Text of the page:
A majority of the National Labor Relations Board’s 26 regional offices have at least one vacancy or temporary appointment in leadership, creating top-level personnel gaps that some observers say can hinder the agency’s work and sap employee morale.
Effective management at the regional level is crucial to the agency’s mission because of the sheer volume of work that the offices handle, former NLRB officials and staffers said. The regional offices are responsible for processing unfair labor practice charges and representation petitions, investigating cases, issuing complaints when charges have merit, authorizing union elections, and litigating matters before administrative law judges.
Last month alone saw the promotion of Baltimore regional attorney
Staffing and management of regional offices have been especially hot points of contention at the NLRB since
The regional offices are suffering a “staffing crisis,” the union representing regional NLRB employees said last year. The agency’s regional workforce stood at 825 employees as of September 2019, representing an 11% drop from 2017 levels and a 27% decrease since 2011, according to the union’s most recent estimates.
The agency encouraged staffers to leave by instituting early retirement and buyout programs in 2018. With rising labor costs and a flat budget, the NLRB can afford fewer workers, Robb has said. Meanwhile, the agency failed to spend $5.7 million of its budget for fiscal year 2019, which triggered an inspector general investigation.
“The Agency’s Division of Operations-Management is constantly assessing the needs of each Region based on caseloads,” NLRB spokesman Ed Egee said in an email.
Evidence shows the NLRB is aggressively enforcing federal labor law, he said, pointing to statistics showing that the agency improved its case processing time by 17.5%, nearly meeting its goal of a 20% reduction by 2022 in just one year.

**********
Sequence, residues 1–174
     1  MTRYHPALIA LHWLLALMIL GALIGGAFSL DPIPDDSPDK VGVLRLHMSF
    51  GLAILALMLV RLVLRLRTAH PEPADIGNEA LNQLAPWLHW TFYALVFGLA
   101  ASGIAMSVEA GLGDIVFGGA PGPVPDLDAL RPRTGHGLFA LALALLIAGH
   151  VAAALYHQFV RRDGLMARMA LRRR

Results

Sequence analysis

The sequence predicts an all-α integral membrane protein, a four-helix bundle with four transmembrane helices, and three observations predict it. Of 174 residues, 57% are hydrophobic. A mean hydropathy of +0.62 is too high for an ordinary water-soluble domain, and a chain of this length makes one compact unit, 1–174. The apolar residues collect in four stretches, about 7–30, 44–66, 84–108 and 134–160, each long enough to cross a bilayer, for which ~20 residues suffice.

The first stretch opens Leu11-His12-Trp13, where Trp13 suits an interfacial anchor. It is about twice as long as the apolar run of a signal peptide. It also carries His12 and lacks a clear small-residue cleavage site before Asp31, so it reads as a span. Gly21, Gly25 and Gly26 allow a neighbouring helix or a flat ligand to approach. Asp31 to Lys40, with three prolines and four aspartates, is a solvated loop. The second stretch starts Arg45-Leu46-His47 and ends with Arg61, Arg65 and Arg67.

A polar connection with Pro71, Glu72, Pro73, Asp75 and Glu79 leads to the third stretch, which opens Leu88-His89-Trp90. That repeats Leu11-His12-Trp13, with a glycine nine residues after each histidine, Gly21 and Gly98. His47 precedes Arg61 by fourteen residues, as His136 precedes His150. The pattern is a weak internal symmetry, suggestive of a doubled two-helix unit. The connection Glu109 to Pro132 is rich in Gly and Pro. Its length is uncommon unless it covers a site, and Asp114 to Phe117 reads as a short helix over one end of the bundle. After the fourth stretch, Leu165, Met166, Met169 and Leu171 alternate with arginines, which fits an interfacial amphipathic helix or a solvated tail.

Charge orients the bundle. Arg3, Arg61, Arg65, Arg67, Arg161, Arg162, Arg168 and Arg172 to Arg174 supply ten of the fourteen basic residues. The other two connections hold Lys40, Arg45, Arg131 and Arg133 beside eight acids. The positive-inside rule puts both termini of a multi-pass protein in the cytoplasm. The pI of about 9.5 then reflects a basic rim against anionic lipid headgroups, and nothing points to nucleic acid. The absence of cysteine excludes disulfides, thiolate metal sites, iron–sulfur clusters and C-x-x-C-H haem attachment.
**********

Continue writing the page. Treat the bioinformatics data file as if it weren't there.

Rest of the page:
Regions on the Front Line
The NLRB is a decentralized agency, with decision-makers distributed around the country and close to the communities where the cases originate, former agency staffers and officials said. Regional offices handle the vast majority of cases filed with the NLRB, settling nearly 6,000 cases in fiscal year 2019, or 99% of the cases that came before them.
The traditional leadership structure at the NLRB’s field offices features a regional director (RD), who wields power delegated from both the board and the general counsel; an assistant to the regional director (ARD), who acts as a chief of staff and oversees representation cases; and a regional attorney (RA), who manages litigation.
Offices with vacancies or temporary appointments:
- Acting Regional Directors – Regions 1 (Boston), 4 (Philadelphia), 8 (Cleveland), 9 (Cincinnati), 10 (Atlanta), 14 (St. Louis)
- No Assistant to the Regional Director – Regions 1 (Boston), 2 (New York), 8 (Cleveland), 14 (St. Louis), 18 (Minneapolis), 31 (Los Angeles)
- No Regional Attorney – Regions 4 (Philadelphia), 5 (Baltimore), 6 (Pittsburgh), 12 (Tampa), 14 (St. Louis), 16 (Fort Worth), 20 (San Francisco), 28 (Phoenix)
“Anytime there’s a significant number of vacancies, it has the potential to have real adverse impacts on case handling, which is not good for the employers, unions, and individual employees who come before the agency,” said Marshall Babson, a former Democratic NLRB member who represents management for Seyfarth Shaw.
Two of the six acting regional directors also head other regions. Buffalo RD Paul Murphy serves as acting regional director in Boston, while Indianapolis RD Patricia Nachand handles that temporary leadership role in Denver.
Six regional offices have no ARDs and eight offices have no RAs.